Barring some special cases that aren’t relevant here, marginal product decreases with output – a worker working 60 hours produces less than 150% of what they would produce if they worked 40 hours. This means a worker’s marginal product of labour will be less than their average product of labour (if you get less productive with each hour of work, your next hour of work will be less productive than the average of all the hours you’ve worked so far). This means that your employer will get more value out of you per hour you work than they are paying you for. That’s their consumer surplus.

      Is this a perfect representation of the labour market? Unlikely, but wages will still be drawn to marginal product of labour, if imperfectly. If you believe the market has erred, then it is incumbent on you to explain how you arrived at this conclusion.Report

      • Avatar Mike Schilling says:

        A top programmer will be four or five times as productive as the mediocre programmer sitting next to him. It’s exceedingly unlikely that their salaries differ by as much as 30%. But articles like the linked one constantly go on about workers being paid the marginal value of their labor as it it were an iron law.Report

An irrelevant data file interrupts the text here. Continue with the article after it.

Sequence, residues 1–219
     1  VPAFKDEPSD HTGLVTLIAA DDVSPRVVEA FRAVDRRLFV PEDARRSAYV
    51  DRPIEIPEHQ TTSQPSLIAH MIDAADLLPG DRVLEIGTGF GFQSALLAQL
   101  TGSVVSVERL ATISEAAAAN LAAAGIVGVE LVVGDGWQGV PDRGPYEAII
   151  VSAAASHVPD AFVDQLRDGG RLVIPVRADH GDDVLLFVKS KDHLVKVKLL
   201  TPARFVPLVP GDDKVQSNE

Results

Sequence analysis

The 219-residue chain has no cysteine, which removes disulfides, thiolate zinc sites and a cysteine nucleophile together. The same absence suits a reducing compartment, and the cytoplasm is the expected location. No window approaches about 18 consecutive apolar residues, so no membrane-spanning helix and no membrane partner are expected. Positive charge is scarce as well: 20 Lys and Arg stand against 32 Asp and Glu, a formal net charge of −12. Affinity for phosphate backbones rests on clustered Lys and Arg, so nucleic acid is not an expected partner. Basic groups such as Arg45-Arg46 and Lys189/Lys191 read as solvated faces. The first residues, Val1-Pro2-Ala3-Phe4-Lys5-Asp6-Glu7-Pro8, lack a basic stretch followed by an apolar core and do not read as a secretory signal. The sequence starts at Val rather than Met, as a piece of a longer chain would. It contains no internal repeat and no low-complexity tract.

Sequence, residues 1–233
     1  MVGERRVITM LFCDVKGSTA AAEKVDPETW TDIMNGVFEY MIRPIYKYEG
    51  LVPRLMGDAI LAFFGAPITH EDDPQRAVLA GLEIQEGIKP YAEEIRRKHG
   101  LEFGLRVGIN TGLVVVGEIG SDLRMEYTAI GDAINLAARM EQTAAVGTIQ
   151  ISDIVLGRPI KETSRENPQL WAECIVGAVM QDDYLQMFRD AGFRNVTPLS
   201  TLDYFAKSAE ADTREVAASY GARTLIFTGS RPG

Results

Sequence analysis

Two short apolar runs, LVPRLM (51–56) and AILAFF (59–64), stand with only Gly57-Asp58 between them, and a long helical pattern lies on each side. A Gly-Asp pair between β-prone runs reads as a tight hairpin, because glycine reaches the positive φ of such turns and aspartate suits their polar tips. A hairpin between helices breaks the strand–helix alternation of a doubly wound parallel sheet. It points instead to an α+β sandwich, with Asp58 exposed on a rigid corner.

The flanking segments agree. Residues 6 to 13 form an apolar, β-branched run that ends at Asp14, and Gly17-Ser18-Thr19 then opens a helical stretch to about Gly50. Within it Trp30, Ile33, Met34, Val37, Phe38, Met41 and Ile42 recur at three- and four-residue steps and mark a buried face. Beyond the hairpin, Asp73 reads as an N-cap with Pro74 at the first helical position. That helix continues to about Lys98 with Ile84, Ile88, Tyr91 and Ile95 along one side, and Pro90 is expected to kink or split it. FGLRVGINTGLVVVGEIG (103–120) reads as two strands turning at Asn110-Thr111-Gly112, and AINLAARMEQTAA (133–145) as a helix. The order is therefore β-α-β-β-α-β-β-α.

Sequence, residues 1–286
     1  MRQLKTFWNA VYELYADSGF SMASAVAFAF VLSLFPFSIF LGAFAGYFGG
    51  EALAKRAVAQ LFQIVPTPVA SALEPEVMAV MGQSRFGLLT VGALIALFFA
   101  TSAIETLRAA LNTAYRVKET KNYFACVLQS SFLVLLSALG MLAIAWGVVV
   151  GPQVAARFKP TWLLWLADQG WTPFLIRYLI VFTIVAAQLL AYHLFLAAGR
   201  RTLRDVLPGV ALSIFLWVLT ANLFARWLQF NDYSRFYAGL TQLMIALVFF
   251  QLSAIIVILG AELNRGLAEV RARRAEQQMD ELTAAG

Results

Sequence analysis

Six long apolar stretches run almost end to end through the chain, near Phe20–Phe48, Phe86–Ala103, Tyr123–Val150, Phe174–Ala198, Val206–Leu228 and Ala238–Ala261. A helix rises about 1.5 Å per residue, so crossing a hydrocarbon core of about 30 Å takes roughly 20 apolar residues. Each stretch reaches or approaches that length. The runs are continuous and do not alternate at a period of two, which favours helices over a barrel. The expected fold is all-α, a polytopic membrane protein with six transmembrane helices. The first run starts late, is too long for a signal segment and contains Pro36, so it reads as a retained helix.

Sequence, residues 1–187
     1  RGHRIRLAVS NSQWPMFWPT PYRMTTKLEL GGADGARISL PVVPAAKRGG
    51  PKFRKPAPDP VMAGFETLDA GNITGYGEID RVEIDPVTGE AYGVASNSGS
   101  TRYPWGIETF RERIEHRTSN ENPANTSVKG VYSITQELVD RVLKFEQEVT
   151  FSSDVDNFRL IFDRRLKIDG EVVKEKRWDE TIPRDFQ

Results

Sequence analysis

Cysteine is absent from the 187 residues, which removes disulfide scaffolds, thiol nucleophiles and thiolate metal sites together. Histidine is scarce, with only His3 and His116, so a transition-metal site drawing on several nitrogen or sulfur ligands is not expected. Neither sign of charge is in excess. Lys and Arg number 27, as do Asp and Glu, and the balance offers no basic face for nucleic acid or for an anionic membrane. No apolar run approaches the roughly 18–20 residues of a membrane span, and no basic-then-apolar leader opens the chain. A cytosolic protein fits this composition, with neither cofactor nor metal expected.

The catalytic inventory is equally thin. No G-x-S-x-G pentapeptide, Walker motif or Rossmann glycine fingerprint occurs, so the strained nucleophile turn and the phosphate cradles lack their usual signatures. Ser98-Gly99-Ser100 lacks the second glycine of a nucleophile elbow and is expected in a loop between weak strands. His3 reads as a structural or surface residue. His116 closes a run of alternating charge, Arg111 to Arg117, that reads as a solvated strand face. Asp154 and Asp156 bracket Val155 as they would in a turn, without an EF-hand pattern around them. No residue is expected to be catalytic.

• Avatar BlaiseP says:

        Any coder that good doesn’t stay on salary long. Once they realise how much more consulting pays (usually 3x the equivalent salary) and the nature of the work, they leave. Nobody’s going to stick around to maintain the TPM Reports and write yet another CRUD app. It’s all the difference between building the aircraft and sweeping the hangar.Report

      • Avatar Mike Schilling says: